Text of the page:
When you say chassis battery, I assume you are referring to coach or house batteries since you later indicate "engine battery" holds a charge. Is that correct?
Typically, the battery disconnect for the coach batteries is disabled when plugged into shore power. If it is actually disconnecting the batteries while on shore power, that would explain it. The batteries can't charge if they are disconnected. You would still get 12V from the converter to power things in the RV, but the 12V wouldn't reach the batteries to charge them.
As you indicated, engine battery is not usually charged by the converter from shore power.
The stock converter charger on most RVs does a poor job as a long term battery maintainer. They usually overcharge the batteries if left unattended for long periods of time. There are various solutions to this. One solution is to replace the converter charger with a better one, but this is usually only cost effective if you use the RV full time or have a bad converter that needs to be replaced anyway. Some people put the RV on a timer that only powers it up for a few hours a week. However, I believe the best solution is to not power the RV at all during storage, but add a battery tender maintenance charger designed specifically to maintain the charge without overcharging. With this, you would leave the RV unplugged, disconnect the batteries, and connect the maintainer directly to the batteries.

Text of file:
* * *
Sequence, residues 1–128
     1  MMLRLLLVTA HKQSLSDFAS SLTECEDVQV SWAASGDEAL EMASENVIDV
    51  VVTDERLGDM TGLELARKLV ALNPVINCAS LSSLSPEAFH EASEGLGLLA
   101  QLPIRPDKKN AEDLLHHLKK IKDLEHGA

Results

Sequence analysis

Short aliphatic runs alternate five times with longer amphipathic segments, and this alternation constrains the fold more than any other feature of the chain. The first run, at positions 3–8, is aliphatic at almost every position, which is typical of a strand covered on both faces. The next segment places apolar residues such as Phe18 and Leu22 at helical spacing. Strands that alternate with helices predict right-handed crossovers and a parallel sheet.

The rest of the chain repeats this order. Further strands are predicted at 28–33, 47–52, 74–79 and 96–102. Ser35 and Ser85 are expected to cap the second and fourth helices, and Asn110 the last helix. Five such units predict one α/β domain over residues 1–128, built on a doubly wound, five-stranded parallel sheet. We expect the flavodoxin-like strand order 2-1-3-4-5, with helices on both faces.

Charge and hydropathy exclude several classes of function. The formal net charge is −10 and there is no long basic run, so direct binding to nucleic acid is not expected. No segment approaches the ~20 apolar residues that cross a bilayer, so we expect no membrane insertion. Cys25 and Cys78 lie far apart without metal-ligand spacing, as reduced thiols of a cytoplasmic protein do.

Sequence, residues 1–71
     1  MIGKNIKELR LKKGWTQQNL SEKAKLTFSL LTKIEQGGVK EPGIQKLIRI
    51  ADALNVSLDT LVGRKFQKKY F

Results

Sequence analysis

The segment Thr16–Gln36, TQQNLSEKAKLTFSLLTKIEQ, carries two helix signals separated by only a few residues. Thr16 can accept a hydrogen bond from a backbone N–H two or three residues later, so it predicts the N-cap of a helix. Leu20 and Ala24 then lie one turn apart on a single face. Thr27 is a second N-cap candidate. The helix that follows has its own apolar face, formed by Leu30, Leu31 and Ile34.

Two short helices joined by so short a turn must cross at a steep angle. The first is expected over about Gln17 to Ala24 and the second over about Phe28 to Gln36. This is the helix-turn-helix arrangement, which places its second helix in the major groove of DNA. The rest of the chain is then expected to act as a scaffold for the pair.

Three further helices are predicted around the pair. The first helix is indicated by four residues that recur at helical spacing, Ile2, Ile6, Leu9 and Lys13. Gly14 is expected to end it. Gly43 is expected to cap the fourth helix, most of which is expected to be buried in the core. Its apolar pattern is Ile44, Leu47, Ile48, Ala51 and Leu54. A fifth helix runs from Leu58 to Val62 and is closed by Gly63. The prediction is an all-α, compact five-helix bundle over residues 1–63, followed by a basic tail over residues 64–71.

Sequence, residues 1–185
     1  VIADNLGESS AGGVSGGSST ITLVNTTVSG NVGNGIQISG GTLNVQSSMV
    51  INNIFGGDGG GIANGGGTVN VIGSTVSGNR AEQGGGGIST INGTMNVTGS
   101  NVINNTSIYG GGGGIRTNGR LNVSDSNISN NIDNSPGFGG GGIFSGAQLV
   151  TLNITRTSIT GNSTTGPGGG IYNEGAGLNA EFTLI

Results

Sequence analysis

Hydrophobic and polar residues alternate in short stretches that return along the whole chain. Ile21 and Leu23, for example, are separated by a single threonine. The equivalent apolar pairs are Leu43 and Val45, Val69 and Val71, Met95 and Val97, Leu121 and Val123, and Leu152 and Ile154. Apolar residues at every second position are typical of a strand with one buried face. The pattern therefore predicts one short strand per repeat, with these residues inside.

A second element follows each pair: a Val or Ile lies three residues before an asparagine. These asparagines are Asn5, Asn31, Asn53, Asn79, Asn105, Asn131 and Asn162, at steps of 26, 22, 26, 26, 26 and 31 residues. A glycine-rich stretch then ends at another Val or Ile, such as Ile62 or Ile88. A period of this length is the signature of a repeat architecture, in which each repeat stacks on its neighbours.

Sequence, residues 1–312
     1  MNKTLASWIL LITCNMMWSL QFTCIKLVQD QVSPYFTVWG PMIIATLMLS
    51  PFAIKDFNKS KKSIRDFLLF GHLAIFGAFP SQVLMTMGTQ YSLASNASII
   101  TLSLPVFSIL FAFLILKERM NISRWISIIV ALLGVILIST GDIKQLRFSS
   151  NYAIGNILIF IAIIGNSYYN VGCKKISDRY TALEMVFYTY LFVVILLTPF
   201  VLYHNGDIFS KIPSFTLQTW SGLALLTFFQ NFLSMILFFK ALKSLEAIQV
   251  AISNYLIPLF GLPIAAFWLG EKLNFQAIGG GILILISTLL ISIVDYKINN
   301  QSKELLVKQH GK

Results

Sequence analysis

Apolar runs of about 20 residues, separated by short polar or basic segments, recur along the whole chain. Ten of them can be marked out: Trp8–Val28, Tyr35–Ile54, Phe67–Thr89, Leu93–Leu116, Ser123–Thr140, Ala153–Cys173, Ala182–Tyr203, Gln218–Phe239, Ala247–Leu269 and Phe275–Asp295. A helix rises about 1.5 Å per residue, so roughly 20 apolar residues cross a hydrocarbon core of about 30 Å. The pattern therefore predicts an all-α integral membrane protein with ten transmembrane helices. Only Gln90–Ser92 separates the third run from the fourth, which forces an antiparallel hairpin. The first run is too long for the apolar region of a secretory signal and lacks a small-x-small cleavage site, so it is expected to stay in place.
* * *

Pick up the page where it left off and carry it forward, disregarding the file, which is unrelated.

If the batteries aren't getting charged at all, they will eventually self discharge. There are often some items that remain connected even when the disconnect is set to disconnect the batteries. The gas and CO alarms are sometimes wired this way. If that's the case, the batteries will drain much more quickly than just self discharging.
Current RV Information: 2018 Forrest River Salem Hemisphere 282RK
Previous RVs: 2004 Fleetwood Bounder 32W; 1999 Four Winds Five Thousand 21RB; 1986 Allegro Bay 27'